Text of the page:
Bob’s take home pay from the mill was 1187.00 every two weeks and Linda’s part-time job as lunch room aide at the local grade school combined with her part-time evening shift at a local supermarket brought in an additional 504.00 every two weeks. one of Bob’s checks paid the mortgage and vehicle payments while the other check paid the utilities, insurance and groceries. even raising two kids, Linda and Bob were able to add to their savings account every month 50 to 100 dollars. the house originally purchased for 88,500.00 in 1993 was appraised by the bank at over 174,000.00 when they approved the second home improvement loan in 2003 for 32,700.00. The added bathroom upstairs and the enlarged garage with heated work room for Linda’s pottery really gave them extra space to enjoy their hobbies and to make room for growing teenagers. the second mortgage increased the house payment to 1109.00 per month but Bob’s truck was paid off and one of his bi monthly checks easily covered it. plus, Linda was promoted in 2003 to head checker at the supermarket which raised her take home pay to over 700 every two weeks. things looked rosy for a few years until temporary layoffs began to occur out at the mill when the canadian wood imports began to hurt business. In 2005, Bob lost six months of paychecks from two layoffs and had to take out another home equity loan to make the original mortgage payments. this second mortgage had a balloon payment due in 2007 of 15,000 which they failed to pay and when the default notices began to show up, they went to their original bank to roll the entire mortgage into one. their original mortgage lender denied them so they looked online and found a national mortgage company that advertised up to 125% financing of any home.
the loan with adjustable rates was approved initially for 7% and the payments of 1345.00 were still affordable with Bob’s checks at the mill but the value of the mortgage with additional fees had now ballooned to a payoff amount of 152,800.00 and in december of 2007 they received a notice in the mail which increased the interest from 7% to 11.89%. this increased the mortgage payment including property taxes to over 1800.00 per month. now Linda and Bob began to realize that they might be in trouble but they were still quite young and willing to work hard to get out. they scrimped on extras and never went out to eat. the kids got part-time jobs to pay for their own cars and clothes. they managed to make all their loan payments right up until Bob was permanently laid off in May 2008. he received a paltry 7 weeks of severence pay and that is when the sad realization began to sink in that their once rock solid dream of home ownership was beginning to slip out from under them. like worker ants who stumble upon the edge of an antlion’s funnel shaped pit, they began falling and with each struggling step they slipped further toward the jaws of death.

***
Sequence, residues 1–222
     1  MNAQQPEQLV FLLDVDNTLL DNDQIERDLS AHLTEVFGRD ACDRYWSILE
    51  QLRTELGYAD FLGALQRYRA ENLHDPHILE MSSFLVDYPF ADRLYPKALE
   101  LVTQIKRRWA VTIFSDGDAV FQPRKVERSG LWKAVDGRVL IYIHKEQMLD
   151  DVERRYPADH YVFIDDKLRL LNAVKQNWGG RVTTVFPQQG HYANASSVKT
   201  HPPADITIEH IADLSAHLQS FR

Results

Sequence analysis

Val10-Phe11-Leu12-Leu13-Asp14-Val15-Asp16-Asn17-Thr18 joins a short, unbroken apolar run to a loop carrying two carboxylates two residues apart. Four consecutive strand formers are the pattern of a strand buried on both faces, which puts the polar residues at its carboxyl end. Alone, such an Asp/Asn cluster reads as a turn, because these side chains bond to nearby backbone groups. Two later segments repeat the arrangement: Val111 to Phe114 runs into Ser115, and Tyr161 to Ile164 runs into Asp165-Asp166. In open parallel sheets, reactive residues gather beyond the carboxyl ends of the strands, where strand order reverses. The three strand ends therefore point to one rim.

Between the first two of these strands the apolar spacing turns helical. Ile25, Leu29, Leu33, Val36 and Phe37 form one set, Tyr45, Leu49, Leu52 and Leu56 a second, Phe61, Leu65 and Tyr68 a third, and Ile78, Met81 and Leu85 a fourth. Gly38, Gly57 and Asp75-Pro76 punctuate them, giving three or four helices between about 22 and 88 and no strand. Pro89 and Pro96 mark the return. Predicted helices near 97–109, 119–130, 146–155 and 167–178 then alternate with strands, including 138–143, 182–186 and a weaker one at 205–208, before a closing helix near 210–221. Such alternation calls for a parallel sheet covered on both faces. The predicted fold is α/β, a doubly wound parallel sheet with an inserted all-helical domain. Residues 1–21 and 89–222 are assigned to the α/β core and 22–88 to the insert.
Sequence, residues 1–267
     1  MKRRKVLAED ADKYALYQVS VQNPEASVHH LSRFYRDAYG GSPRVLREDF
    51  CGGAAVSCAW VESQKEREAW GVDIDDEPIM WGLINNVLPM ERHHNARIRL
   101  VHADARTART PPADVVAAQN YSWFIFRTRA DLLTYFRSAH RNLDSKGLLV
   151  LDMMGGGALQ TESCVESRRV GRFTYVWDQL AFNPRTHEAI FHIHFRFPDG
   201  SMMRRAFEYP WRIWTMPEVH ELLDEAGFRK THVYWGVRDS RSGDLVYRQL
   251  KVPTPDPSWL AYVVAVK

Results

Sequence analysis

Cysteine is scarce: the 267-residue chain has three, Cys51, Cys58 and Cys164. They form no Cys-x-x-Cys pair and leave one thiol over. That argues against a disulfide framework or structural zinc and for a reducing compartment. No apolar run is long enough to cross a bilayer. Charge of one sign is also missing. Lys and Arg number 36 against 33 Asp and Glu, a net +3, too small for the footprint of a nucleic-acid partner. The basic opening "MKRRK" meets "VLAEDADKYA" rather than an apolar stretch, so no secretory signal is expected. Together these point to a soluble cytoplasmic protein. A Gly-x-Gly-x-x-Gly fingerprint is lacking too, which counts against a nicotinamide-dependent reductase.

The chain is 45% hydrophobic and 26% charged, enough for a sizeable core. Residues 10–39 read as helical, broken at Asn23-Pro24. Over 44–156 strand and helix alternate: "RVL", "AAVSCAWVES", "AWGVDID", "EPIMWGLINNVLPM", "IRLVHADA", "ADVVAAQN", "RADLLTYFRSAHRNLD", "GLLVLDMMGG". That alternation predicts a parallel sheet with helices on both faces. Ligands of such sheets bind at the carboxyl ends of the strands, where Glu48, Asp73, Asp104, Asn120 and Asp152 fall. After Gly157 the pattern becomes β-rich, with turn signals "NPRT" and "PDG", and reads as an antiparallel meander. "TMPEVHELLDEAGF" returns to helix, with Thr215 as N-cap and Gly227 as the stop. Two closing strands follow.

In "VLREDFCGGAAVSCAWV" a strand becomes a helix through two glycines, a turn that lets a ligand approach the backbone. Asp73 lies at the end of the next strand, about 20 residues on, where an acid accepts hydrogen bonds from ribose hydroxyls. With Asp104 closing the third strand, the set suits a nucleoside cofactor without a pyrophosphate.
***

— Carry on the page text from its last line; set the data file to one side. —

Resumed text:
Linda and Bob received the warnings about foreclosure after missing 4 months of mortgage payments. they never hired a lawyer to fight it. they did briefly list the house for sale but by then home values had fallen and not being near the university there was little market for their home in a shrinking pool of qualified home buyers. when the eviction notice came from a sheriff’s deputy in august they were ready. they simply moved everything in one weekend into a two bedroom apartment they could afford.
Linda feels slightly bitter about the last mortgage lender but neither of them blames anyone except themselves for the loss of their home. they made decisions to borrow money and they accept the consequences. Both are 44 years old and they look forward to starting over. When Bob gets on his feet with trucking, Linda hopes to get her CDL also and become another of the growing ranks of husband/wife team drivers. they look forward to seeing america and their kids are both doing well. they would not call themselves heroes but their stoic resignation is bravely and quietly demonstrated every day accross america- 3.3 million foreclosures in US currently; 2898 in Montana; 210 in Missoula and like Bob and Linda not one of those americans losing their homes has George Bush petitioning congress to bail them out.